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A Short History of Women´s Rights by Eugene A. Hecker - HTML preview

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PREFACE

While making some researches in the evolution of women's rights, I was

impressed by the fact that no one had ever, as far as I could discover,

attempted to give a succinct account of the matter for English-speaking

nations. Indeed, I do not believe that any writer in any country has

essayed such a task except Laboulaye; and his _Recherches sur la

Condition Civile et Politique des Femmes_, published in 1843, leaves

much to be desired to one who is interested in the subject to-day.

I have, therefore, made an effort to fill a lack. This purpose has been

strengthened as I have reflected on the great amount of confused

information which is absorbed by those who have no time to make

investigations for themselves. Accordingly, in order to present an

accurate historical review, I have cited my authorities for all

statements regarding which any question could be raised.

This is

particularly so in the chapters which deal with the condition of women

under Roman Law, under the early Christian Church, and under Canon Law.

In all these instances I have gone directly to primary sources, have

investigated them myself, and have admitted no secondhand evidence. In

connection with Women's rights in England and in the United States I

have either consulted the statutes or studied the commentaries of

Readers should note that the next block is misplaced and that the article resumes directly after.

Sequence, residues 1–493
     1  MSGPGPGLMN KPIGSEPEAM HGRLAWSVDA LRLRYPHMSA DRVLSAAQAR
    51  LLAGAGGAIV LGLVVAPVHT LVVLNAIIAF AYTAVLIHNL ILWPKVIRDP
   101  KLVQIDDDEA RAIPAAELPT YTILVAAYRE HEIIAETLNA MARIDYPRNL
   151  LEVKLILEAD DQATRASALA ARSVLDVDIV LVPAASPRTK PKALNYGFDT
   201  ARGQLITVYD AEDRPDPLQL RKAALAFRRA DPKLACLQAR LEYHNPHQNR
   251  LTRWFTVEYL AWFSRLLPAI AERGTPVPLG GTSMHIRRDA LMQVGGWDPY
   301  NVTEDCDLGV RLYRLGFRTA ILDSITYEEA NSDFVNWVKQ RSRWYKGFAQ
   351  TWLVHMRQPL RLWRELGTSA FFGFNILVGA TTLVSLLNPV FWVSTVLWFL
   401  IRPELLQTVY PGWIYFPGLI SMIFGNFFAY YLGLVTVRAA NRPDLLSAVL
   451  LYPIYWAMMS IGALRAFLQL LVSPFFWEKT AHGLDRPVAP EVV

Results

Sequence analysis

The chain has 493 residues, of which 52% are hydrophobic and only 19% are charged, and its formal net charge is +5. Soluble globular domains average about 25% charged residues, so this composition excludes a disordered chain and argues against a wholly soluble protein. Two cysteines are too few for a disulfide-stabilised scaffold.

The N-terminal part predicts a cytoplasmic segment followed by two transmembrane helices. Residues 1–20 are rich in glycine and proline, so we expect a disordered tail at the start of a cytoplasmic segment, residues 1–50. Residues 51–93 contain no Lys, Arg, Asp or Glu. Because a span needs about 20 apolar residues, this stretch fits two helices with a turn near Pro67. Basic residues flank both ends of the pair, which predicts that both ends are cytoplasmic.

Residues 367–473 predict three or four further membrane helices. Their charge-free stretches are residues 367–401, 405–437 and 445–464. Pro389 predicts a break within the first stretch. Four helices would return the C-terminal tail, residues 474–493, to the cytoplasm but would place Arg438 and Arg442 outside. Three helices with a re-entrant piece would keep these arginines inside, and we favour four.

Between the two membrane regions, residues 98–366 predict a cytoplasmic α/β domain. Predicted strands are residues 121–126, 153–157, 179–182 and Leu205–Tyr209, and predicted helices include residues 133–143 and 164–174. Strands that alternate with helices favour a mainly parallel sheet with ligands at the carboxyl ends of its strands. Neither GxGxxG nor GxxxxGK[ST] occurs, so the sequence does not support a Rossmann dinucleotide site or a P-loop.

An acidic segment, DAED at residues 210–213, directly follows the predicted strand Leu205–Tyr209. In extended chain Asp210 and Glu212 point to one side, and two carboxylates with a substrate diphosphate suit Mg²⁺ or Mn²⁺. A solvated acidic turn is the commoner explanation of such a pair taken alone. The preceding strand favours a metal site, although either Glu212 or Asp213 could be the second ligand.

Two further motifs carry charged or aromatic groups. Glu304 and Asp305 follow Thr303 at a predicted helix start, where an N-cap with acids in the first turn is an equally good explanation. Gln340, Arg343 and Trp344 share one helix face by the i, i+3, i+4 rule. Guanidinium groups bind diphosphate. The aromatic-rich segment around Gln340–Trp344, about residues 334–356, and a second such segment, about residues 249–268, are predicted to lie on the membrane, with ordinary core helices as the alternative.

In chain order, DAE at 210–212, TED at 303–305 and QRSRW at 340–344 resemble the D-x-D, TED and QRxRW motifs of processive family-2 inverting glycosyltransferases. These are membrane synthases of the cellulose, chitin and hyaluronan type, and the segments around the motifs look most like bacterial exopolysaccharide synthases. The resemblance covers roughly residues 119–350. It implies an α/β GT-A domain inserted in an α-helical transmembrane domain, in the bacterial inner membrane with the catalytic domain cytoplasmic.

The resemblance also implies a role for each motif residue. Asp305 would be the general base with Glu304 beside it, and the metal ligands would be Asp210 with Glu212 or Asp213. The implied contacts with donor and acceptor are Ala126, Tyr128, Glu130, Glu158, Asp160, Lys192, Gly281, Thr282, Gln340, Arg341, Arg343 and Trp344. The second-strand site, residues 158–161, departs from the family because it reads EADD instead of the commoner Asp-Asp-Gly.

jurists, like Messrs. Pollock and Maitland, whose authority cannot be

doubted. To such I have given the exact references whenever they have

been used. In preparing the chapter on the progress of women's lights in

the United States I derived great assistance from the very exhaustive

_History of Woman Suffrage_, edited by Miss Susan B.

Anthony, Mrs. Ida

H. Harper, and others to whose unselfish labours we are for ever

indebted. From their volumes I have drawn freely; but I have not given

each specific reference.

The tabulation of the laws of the several States which I have given

naturally cannot be entirely adequate, because the laws are being

changed constantly. It is often difficult to procure the latest revised

statutes. However, these laws are recent enough to illustrate the

evolution of women's rights.

Finally, this volume was written in no hope that all readers would agree

with the author, who is zealous in his cause. His purpose will be gained

if he induces the reader to reflect for himself on the problem in the

light of its historical development.

E.A.H.

CAMBRIDGE, MASS., 1910.

CONTENTS